US Consumer Prices Dip 0.1% in June 2010, Annual Inflation at 1.1%

U.S. consumers paid less for goods and services in June, thanks in large part to flat food prices and lower gasoline bills, the government reported Friday.

The Consumer Price Index dropped 0.1% in June, marking the third straight monthly decline since March when prices edged 0.1% higher, according to Labor Department data. The index is the most closely watched indicator for inflation. The decline follows a 0.2% slide in May and a 0.1% dip in April. The last time consumer prices fell for three consecutive months was between October and December 2008.

Sliding energy prices were the biggest contributor, down 2.9% in June, the same decline as in May. Gasoline prices plunged 4.5% to account for "most of the decrease," the Labor Department said.

"The CPI is quite low, it’ll reinforce the thinking within the Fed that they can afford to keep interest rates low," Subodh Kumar, chief investment strategist at Subodh Kumar & Associates in Toronto, was noted on Reuters.

Stripping out volatile energy and food prices, the core inflation rate rose 0.2% — the biggest gain since October 2009, after rising 0.1% in May. Core consumer prices were unchanged in April and March.

"Inflation is essentially a non issue right now, and that’s good news for consumers who feel stretched and uncertain. There are some bargains to be had," economist Joel Naroff, president of Naroff Economic Advisors, was quoted by the AP. "Once consumers get more confident and are willing to spend again, they will see that stores are filled with goods at prices they like."

Aside from flat food and falling energy costs, most other areas of the index showed slightly higher prices, calming deflation worries.

"Inflation will be tame because there is so much slack in the economy, but this number should lessen deflation fears somewhat," James O’Sullivan, chief economist at MF Global Ltd. in New York, was quoted on Businessweek.

Deflation is a broad-based decline in consumer prices, or the opposite of inflation. Falling prices may seem like good news for consumers, but only to a certain point. If prices mark sustained deflationary levels that strike below the cost to produce goods and services, economic turmoil can ensue with production cuts, payroll reductions and deepened unemployment.

Inflation over the past 12 months rose 1.1%, following May’s 2.0%, 12-month inflation reading. Core consumer prices increased 0.9% on an annual basis, which was the same level as in May and April — the smallest 12-month increase since January 1966.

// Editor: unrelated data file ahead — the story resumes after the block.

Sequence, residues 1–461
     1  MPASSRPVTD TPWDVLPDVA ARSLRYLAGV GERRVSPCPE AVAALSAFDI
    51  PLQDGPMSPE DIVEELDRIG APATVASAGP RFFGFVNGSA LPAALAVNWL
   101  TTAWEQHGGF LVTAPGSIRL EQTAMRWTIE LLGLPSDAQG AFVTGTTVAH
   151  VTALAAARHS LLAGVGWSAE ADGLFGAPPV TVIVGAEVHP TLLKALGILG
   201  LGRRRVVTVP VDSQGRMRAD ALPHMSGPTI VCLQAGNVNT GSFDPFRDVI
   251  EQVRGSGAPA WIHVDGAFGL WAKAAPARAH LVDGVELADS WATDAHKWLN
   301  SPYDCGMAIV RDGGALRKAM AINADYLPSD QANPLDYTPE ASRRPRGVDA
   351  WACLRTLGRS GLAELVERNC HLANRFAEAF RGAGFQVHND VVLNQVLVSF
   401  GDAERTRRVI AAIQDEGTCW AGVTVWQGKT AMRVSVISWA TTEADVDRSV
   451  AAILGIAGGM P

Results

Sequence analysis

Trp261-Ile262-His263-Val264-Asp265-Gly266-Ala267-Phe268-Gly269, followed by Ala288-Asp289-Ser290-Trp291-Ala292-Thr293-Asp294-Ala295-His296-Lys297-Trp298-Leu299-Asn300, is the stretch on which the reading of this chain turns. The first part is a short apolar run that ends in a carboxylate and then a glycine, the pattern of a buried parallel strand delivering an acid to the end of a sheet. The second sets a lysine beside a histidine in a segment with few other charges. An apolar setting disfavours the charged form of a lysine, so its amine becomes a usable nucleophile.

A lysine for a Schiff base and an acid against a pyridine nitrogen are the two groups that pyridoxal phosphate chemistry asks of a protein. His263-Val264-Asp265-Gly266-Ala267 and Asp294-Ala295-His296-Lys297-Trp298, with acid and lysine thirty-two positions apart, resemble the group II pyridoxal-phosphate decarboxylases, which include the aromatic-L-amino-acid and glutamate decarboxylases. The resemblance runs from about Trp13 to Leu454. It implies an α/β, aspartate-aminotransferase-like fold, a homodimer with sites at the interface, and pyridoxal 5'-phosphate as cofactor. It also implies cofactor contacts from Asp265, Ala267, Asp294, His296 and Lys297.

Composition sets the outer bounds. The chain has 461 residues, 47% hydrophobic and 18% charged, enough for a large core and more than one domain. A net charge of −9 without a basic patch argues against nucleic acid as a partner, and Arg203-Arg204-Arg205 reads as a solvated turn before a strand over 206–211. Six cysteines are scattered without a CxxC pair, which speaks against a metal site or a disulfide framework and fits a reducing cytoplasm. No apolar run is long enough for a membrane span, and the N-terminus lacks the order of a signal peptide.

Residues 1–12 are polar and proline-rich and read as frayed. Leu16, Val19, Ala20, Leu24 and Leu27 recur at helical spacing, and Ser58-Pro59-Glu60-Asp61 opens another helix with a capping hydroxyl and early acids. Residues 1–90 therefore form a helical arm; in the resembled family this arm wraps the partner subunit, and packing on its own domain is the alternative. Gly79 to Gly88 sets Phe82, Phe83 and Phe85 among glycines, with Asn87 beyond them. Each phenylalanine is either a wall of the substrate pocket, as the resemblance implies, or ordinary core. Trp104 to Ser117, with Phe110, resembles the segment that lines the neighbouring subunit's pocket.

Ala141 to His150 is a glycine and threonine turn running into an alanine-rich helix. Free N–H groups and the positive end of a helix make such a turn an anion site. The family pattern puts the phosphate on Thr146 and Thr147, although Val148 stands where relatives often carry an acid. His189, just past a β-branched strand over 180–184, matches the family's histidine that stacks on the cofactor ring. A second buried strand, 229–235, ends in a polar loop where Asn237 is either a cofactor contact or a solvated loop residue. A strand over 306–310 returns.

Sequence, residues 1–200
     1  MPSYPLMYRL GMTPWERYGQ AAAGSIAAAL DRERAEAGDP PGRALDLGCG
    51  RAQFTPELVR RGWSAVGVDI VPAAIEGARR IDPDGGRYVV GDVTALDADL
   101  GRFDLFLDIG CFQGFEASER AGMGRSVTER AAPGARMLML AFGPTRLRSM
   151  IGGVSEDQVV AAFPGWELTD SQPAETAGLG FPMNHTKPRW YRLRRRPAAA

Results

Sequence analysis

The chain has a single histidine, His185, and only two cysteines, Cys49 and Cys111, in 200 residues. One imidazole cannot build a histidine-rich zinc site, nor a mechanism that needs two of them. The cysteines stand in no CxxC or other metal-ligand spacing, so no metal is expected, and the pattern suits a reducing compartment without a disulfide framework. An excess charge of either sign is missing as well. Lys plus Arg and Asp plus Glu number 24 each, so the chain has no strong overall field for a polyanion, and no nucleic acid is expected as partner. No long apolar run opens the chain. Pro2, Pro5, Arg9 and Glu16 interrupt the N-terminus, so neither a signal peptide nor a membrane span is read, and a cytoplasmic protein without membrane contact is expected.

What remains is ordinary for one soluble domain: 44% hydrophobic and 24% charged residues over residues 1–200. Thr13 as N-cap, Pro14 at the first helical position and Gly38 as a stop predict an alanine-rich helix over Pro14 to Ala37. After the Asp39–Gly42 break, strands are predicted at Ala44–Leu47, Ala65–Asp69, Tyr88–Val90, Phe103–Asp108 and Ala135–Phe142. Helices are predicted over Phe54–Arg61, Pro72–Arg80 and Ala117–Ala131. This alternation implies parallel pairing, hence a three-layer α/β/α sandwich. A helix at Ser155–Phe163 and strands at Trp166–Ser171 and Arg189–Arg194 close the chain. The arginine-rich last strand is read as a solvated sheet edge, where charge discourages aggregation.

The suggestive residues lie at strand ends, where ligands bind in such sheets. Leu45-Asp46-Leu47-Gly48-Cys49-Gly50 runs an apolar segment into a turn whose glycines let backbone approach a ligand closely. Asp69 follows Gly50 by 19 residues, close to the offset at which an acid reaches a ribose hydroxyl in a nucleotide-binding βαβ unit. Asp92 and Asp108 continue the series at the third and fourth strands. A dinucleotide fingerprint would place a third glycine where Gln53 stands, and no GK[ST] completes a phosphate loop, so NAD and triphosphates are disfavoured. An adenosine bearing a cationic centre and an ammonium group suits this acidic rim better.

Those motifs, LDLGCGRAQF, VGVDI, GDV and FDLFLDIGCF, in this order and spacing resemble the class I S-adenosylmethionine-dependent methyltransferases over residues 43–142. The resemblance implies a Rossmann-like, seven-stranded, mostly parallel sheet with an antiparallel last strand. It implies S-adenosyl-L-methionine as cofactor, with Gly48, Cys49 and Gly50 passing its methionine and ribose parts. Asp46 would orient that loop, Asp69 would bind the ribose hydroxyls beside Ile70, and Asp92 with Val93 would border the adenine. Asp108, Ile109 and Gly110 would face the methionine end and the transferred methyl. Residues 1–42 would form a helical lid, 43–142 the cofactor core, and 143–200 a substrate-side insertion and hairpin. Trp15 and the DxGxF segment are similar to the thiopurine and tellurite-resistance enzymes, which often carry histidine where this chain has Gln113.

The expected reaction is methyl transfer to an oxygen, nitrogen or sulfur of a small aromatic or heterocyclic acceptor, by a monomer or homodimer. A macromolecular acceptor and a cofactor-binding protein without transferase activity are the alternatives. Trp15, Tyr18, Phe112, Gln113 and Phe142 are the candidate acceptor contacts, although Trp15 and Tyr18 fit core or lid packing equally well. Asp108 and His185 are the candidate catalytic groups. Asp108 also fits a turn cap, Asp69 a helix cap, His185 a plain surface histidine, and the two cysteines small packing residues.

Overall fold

The annual core rate remains a notch below the Federal Reserve’s target range of 1% – 2%.

June Consumer Price Details

Rising prices include:

  • Used car and truck prices climbed 0.9% in June after rising 0.6% in May. They are up 16.1% over the past
    year.
  • Clothing prices jumped 0.8% last month following a more modest increase of 0.2% in May. Prices are still down 0.4% from a year ago, however.
  • Shelter costs, which account for about one-third of the CPI, matched May’s 0.1% increase. They were unchanged in April and have declined 0.7% over the past year.
  • Natural gas costs climbed 0.6% after declining 1.0% in May.

Declining prices include:

  • The energy index fell 2.9% for the second month in a row, after declining 1.4% in April. They have climbed 3.0% over the past 12 months, however.
  • Airline fares declined 0.6% in June after rising 1.9% in May and 2.2% in April.
  • Gasoline prices dropped 4.5% following a plunge of 5.2% in the prior month. They are 3.0% higher than a year ago.
  • Fuel oil prices were down 3.2% after a 1.4% decline in May. They are up 16.6% on the year, however.
  • The index for electricity decreased 2.2%. They were down 0.4% during the prior month.
  • Fruits and vegetables prices declined 1.3%. They fell 1.1% in May.

Food prices were flat for a second straight month, after rising 0.2% in April. Medical care commodities prices were also flat following a 0.1% increase in May.

The CPI report comes on the heels of the government’s release of the Producer Price Index on Thursday. The PPI is the measure of wholesale inflation, or prices businesses (farms and factories) pay for their goods. Producer prices slid 0.5% in June.

The Consumer Price Index for July 2010 is scheduled to be released on Friday, August 13, 2010, at 8:30 a.m. (EDT).

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